I make my way over to him and spot a tiny level cut in the side of the mountain about 100 yards below. I get him unstuck from the brush and try my best to hang on to him as he pulls me down the mountain to the little level spot. There I shed my coat in anticipation of gutting him out. It occurs to me I should probably take a picture or two despite starting to freeze my nay-nays off. I take a couple photographs and then get to field dressing him.
Upon finishing the job at hand I stand up, look around, and realize there is no way I'm getting him out whole and that it's getting dark fast. Add to that there is a major storm front coming right at me. I mean it looks like an ominous dark wall reaching from the heavens to the ground. With a foreboding sense of concern starting to come over me, I reach for my cell phone. Happily I discover I have cell service. I start making calls as fast as I can. Seems nobody is home. Finally, I get ahold of a good friend, and he agrees to come help me pack him out. He even gave up his menís league basketball game to come help me out. Man, I love having friends that are as crazy as me when it comes to hunting!
I have to go back to town and meet my friend. So I hike out and by the time we return, itís dark and snowing hard. We hike back in and I can't find the freaking buck! Between the darkness and the snow it's nearly impossible to get oriented. We look for an hour in the dark, and I start to worry that I wonít find him until the next morning. I didn't want to leave him overnight because I knew there were a couple bears in the area and I didn't want to donate my buck to them. I mean, one deer meal courtesy of my friendís whitetail was enough for that day.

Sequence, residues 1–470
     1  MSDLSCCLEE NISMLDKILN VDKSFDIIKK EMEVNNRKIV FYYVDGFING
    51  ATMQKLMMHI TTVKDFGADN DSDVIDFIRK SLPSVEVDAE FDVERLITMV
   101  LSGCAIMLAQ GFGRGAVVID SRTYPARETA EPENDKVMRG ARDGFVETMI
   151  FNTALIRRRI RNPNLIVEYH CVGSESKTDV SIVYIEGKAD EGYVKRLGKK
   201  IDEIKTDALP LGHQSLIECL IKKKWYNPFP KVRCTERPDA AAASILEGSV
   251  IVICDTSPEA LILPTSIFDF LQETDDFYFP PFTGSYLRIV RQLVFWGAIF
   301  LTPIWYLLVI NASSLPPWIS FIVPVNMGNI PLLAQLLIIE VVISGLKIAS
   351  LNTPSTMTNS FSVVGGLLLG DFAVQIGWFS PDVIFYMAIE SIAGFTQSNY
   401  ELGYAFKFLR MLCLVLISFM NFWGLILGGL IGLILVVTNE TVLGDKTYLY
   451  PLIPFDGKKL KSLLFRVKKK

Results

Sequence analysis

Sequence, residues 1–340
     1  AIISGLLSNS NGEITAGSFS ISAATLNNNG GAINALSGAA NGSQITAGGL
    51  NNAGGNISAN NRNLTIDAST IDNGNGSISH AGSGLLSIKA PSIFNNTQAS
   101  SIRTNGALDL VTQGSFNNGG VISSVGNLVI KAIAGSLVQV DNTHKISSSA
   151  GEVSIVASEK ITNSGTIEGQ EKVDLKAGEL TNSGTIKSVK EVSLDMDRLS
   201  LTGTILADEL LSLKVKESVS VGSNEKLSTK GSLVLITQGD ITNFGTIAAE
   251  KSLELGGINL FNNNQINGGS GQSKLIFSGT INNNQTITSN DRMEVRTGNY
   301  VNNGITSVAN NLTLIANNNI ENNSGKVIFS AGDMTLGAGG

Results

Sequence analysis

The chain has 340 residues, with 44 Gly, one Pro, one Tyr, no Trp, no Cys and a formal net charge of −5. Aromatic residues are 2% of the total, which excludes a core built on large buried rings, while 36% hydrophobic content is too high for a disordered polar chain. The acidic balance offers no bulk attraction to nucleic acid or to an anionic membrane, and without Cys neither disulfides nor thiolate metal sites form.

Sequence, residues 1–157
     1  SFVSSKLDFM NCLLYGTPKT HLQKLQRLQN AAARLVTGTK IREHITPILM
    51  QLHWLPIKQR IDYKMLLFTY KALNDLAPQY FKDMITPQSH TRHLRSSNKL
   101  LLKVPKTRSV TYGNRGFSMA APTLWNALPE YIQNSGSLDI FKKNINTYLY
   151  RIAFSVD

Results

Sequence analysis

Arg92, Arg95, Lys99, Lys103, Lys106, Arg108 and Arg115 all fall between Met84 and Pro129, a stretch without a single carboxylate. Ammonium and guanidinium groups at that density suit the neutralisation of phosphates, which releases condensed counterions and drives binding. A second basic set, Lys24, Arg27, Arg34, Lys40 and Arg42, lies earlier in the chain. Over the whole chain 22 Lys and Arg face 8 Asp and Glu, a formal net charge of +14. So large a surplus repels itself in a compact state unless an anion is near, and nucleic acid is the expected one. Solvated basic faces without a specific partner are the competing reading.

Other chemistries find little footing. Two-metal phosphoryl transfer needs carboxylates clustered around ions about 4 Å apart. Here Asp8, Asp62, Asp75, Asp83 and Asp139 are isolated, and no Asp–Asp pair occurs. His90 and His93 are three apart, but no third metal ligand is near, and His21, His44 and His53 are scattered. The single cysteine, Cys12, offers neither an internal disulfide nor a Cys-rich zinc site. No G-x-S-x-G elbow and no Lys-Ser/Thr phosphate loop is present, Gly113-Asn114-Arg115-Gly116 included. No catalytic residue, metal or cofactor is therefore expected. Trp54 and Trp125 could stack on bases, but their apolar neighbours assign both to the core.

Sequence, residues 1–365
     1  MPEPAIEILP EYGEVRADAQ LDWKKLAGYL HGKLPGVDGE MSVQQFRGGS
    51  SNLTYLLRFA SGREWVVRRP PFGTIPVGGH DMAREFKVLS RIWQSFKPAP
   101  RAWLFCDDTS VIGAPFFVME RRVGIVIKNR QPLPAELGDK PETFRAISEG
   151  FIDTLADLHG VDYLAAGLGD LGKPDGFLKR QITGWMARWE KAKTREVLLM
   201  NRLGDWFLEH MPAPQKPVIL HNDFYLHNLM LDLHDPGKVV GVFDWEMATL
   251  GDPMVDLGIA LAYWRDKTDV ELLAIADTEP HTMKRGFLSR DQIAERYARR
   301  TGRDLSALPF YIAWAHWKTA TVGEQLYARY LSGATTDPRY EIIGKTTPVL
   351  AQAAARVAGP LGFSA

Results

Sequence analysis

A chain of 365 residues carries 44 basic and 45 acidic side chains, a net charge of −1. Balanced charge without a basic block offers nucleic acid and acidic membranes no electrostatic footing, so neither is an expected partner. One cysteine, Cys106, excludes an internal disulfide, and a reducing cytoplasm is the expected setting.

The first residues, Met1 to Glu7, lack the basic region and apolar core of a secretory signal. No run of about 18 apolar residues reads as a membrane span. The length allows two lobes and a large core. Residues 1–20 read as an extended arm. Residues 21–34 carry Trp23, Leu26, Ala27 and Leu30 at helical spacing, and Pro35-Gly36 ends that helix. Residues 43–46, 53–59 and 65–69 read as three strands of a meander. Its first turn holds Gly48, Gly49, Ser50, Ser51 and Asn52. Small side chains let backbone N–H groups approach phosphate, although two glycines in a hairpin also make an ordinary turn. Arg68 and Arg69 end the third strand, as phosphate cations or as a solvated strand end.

Finally, through a stroke of luck my partner finds the buck. I quickly get to work on quartering, deboning, and caping the buck out. Not my favorite thing to do in the dark, but you gotta do what ya gotta do. After that chore was taken care of, we loaded our packs and head out. By now there was enough snow on the ground that the walking was treacherous. We are side hilling a very steep mountain, it's super slippery, and if either of us fall with the full packs, it is most likely to end in a fatality. The snow conditions had deteriorated into an all out blizzard and visibility was limited in our head lamps. We picked our way along very carefully. Finally, a little after 10 pm we arrive back at my pickup truck. Seeing those tail lights reflect back at me as we approached the truck has never looked so good.
The following morning I learned of my friend's success in killing the whitetail buck I was initially after. He was excited and I was excited for him. He brings his buck over and we place our bucks on the tail gate of my pickup for a photo op. So in the end everything ended well for all involved. Two great bucks, two happy hunters, and a bear with a full belly.
An avid big game hunter, Troy Adams has been hunting big game for nearly 30 years. Combining hunting and photography has helped him preserve many great memories. When not hunting, photographing, writing, or spending time with his family, Troy is usually found working on his wildlife art drawings.
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